S&P downgrades Greek debt, and so what!
COMMENTARY Standard & Poor's on Tuesday cut Greece's credit rating from "you've got to be kidding" to a full-fledged "selective default." So why hasn't the world melted down?
It may come as no surprise that the ratings agencies' opinions are irrelevant on this matter. The firms are generally considered so far behind the curve in assessing countries' creditworthiness that they are about to be lapped by Secretariat. Anyone who thinks Greece hasn't already defaulted on its debt -- officially or not -- should seek professional help immediately.
Besides, S&P only offered its latest take on Greece under duress. The agency said it would find the country in default if it added "collective-action" clauses to its sovereign debt. This move, taken by Greece's parliament last week, effectively forces all bondholders to exchange their current holdings for new bonds -- investments that will take a lot longer to pay back (say, 30 years) a lot less (as much as 70 percent less).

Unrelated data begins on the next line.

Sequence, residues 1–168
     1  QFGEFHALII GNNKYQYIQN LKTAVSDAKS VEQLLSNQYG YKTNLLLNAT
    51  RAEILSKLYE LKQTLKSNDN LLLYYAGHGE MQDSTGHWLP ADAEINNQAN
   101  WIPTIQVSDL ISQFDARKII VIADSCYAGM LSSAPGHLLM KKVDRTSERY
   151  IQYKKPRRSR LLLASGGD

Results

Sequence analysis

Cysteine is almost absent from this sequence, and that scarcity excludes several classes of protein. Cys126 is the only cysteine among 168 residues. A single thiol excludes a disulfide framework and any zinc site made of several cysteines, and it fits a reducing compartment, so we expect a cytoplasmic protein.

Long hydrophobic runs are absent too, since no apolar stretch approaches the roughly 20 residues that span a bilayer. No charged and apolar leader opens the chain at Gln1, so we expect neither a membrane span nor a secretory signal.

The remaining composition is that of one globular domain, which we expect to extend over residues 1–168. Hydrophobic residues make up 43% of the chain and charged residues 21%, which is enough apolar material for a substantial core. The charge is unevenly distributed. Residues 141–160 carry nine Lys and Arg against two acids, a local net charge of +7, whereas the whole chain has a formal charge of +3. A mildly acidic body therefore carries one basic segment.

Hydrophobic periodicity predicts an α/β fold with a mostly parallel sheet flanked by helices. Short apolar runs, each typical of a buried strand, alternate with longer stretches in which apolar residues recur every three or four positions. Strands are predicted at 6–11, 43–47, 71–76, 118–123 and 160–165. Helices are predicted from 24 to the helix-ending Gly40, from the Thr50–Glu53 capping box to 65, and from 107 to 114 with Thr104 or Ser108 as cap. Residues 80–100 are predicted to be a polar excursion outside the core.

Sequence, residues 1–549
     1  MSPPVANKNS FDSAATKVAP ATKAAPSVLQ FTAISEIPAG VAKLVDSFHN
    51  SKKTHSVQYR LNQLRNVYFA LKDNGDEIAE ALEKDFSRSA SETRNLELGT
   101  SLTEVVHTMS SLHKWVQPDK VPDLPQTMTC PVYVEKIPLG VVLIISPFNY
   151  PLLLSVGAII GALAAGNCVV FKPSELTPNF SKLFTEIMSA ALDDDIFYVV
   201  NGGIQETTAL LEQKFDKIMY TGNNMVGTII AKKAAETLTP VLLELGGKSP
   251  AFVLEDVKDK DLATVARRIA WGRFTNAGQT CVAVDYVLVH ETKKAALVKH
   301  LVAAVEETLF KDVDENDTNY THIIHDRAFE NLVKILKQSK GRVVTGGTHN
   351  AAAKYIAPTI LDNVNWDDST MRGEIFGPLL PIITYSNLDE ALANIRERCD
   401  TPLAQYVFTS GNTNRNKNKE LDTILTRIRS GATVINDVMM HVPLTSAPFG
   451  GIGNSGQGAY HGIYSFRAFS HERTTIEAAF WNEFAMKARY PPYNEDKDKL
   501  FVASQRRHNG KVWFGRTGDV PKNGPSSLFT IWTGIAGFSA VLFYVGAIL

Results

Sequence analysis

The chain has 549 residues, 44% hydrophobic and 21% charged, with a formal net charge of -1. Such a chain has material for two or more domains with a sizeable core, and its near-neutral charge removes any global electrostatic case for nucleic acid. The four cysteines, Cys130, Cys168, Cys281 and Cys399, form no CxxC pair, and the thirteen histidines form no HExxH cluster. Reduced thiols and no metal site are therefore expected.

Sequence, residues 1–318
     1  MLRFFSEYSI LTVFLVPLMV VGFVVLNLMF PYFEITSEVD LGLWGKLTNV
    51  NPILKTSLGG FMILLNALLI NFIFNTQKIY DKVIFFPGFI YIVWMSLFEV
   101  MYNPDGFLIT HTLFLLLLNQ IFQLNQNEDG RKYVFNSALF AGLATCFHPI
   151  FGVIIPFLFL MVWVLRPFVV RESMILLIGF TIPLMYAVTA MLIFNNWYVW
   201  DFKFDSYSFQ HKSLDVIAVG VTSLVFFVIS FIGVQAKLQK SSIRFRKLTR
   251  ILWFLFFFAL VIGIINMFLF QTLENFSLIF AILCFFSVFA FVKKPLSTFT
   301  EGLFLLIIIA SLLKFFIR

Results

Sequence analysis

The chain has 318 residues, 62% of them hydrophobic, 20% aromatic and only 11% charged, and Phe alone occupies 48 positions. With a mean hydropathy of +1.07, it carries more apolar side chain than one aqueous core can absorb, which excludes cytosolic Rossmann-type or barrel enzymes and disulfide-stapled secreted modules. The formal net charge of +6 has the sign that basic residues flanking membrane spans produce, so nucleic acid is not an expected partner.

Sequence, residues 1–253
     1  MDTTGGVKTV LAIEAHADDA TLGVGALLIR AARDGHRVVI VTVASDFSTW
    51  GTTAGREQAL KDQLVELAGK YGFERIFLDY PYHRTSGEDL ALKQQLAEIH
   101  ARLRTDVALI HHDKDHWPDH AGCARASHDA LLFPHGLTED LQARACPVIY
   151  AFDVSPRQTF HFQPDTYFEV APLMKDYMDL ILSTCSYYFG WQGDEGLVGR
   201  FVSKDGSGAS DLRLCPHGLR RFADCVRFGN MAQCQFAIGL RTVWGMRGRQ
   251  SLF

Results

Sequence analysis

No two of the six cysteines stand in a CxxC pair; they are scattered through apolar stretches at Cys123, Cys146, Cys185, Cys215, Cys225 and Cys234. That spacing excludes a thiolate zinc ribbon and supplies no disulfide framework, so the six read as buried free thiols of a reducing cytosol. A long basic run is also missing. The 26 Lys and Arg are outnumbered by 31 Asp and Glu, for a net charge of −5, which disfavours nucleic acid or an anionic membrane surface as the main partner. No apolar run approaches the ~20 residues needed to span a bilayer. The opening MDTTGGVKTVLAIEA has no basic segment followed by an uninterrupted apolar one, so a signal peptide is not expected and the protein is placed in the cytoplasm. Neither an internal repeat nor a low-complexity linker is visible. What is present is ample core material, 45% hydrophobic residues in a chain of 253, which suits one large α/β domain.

Typically, a nation defaults on a loan the same way anyone else does. If you don't make your payments in full and on time, you're in default. What's different about sovereign debt is that the issuer (in this case Greece) can pass laws that change the terms of the debt. That means a country can also go into default if the bondholder refuses to accept the debt issuer's proposed changes.
Why does this matter? Because of credit default swaps, those little insurance policies that almost brought down the U.S. financial system during the housing bust. If a change in debt terms is deemed to be involuntary, then CDS holders can collect on the insurance they bought against the debt. The International Swaps and Derivatives Association, a trade group that oversees (OK, ignores) the over-the-counter swaps business, that gets to say when a default is a default. Tomorrow, the ISDA is supposed to decide whether or not it will decide if altering debt terms constitutes default. Don't you love bureaucracy?
To provide more time for negotiations, European officials (and just about everyone else) have wiggled around the issue of whether Greece is technically in default, saying that a "credit event" hasn't taken place. With the country already having secured a bailout, it will be interesting to see if the next verdict on Greece's solvency is one of expedience or one that follows the law.
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